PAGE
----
First things, first, an itinerary/checklist.
What is a successful trip without a well curated checklist full of things you must see and do? They’re the best way to manage and divide your time up given the amount of time you have (or don’t have) to see everything you can. If you’re going to sit on a 10+ hour flight to another country, having a plan is a need. On the way back home, you want to feel like you checked everything off of your list and then some. Underneath each category/activity, use your bullet list to remind yourself why you want to check this off the list. Your plans will likely be derailed by something new and unexpected that catches your eye, so the motivation behind everything on this checklist is also a must. If you’ve got to move a museum trip to next week because you’ve been invited to an Sunday Asado from a family in Argentina, so be it. A bullet journal is also a great place to jot down all the things you have booked through Travelstart.
Places you’ve been, things you’ve seen, things you’ve felt.
People will be asking while on the trip–what have you seen so far? Reason #1 to create a list of these places. Reason #2 is so you can bring the list back to friends and family that are living vicariously through you, flower child. There will be multiple things that find themselves on this list that you hadn’t anticipated, and the more the merrier. When I say things you’ve seen, I mean it literally and figuratively. Have some fun–obvious is fun too, but what if you literally witness a miracle? Love at first sight? Serendipity? Those belong on the list just as much. These kind of moments are easily forgotten, even if they were in the moment unforgettable. Adding music to this bullet list is a great way to bring you back to the moments and remind yourself of what you were feeling. If you can get a picture to remind you of anything and everything–even better!
Questions to ask/conversational things–in another language.
Ever feel like you’re at a loss for words when small talk runs out? Having a list of conversational questions to ask (in Spanish) while I was in South America came in handy, let me tell you. Being able to ask strangers what the locals do for fun, their favorite restaurants, things to see, was priceless. Each country has different lingo that is used casually throughout places like grocery stores and coffee shops. Do you really want to hold up a line trying to communicate when you can sound like an expert?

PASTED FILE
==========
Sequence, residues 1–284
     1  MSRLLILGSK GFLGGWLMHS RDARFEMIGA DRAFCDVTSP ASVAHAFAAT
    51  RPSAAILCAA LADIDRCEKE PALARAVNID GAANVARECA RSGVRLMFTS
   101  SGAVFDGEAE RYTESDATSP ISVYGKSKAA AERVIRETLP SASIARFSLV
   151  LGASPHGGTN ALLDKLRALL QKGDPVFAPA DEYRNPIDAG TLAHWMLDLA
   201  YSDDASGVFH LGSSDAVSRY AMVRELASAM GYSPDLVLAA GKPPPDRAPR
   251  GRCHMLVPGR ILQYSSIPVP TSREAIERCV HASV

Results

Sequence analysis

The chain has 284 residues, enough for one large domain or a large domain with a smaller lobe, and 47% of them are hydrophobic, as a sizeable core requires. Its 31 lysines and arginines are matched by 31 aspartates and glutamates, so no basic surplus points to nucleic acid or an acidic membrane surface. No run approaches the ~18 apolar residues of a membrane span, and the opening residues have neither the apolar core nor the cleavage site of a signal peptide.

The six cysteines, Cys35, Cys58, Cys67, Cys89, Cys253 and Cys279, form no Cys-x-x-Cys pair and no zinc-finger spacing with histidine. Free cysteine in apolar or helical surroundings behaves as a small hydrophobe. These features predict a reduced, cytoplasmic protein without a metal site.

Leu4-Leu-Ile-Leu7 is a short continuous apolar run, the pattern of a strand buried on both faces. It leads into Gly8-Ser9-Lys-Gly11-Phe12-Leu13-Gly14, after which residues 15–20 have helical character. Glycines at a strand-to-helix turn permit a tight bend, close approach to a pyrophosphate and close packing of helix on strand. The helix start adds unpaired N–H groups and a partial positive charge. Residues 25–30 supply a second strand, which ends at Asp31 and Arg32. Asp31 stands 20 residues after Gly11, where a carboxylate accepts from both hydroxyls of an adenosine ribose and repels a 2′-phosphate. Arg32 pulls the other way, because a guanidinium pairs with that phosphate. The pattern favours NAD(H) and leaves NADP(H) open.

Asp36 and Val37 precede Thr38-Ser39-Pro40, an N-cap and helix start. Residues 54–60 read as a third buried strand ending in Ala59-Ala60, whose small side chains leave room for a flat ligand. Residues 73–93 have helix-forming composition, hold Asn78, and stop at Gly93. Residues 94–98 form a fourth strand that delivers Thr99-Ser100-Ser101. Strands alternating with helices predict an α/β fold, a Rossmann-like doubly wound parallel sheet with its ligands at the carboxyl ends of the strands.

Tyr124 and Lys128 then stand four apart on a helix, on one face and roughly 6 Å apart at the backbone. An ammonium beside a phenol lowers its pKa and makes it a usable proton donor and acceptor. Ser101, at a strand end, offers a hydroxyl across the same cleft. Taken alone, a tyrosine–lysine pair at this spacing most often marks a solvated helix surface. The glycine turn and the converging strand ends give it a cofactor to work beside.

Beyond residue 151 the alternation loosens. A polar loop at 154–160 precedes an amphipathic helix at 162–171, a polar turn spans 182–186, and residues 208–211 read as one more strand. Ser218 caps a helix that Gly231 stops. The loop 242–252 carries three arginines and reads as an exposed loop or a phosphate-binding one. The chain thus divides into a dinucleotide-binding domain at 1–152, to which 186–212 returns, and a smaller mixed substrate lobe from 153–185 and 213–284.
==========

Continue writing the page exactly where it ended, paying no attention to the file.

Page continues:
Speaking of sounding like an expert, keeping a list of words you learned is key. This goes for countries that speak the same language you do. Everywhere you go, I’m sure the slang and way of doing things is entirely different. I was glad to have this list when I landed in Chile (from Argentina) and heard the locals dropping entirely different Spanish. English in the United States is not English in Ireland, just as Spanish is not the same Spanish across all Hispanic countries.
Whether you are on the Anthony Bourdain train or not, food absolutely deserves to be accounted for. When I look back at my journal 10 years from now, I may or may not remember the morning I had Rooster for breakfast. You will likely be trying things on your trip that you didn’t even imagine, things that you’ve never heard of before, let alone the friends you will be sharing with. The beauty of countries being different is the huge difference in cuisine. I can look back and remember why Guatemalan tamales are better than Mexican tamales because I kept a list of reasons as well as tastes and ingredients. So no, this is not up for a debate. What did you taste? Can you grab the ingredients to recreate it in the future? Are you at a restaurant? Are you at a family’s home? These are all things you’ll want to know in the future.
I’m talking attire, toiletries, and general non-negotiables when it comes to packing. Boy, was I glad I brought an outlet adapter to South America, because how else would I have been able to charge my dead phone? Before landing in an entirely different country, it’s helpful to do some research on what travelers and locals wear day-to-day. The weather, terrain, and style will likely be drastically different where you’re headed, and it will likely be priced differently. If you can save room in your suitcase by figuring out what isn’t a necessity, you can make room for the souvenirs you will want to bring home. On that same note, you can also save money by knowing what products you should bring and not have to go out and buy in a foreign place.
One line a day.
This is all is takes if all of the above sounds like too much work. Not to worry my friend, there is a thing called the One Line a Day journal and you can grab it on Amazon. All that is required is one sentence a day. One sentence that sums up your day enough to remember it 5 years from now, which is how long the journal tracks. Five years from now, you will have written a sentence about every day for the last five years. It’s genius. If you’re a poet, you’re welcome for a tool to keep you motivated to write something (anything) down once a day.